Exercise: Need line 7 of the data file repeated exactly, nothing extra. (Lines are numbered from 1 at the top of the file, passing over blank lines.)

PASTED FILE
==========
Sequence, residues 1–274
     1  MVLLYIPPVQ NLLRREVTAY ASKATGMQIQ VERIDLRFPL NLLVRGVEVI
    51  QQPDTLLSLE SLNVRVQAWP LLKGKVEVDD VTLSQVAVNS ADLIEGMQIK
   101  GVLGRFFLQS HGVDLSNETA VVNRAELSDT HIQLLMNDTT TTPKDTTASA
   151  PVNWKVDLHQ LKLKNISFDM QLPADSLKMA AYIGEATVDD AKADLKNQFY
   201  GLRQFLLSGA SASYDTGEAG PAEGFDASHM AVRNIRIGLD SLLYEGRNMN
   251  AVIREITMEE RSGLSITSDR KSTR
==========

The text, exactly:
   251  AVIREITMEE RSGLSITSDR KSTR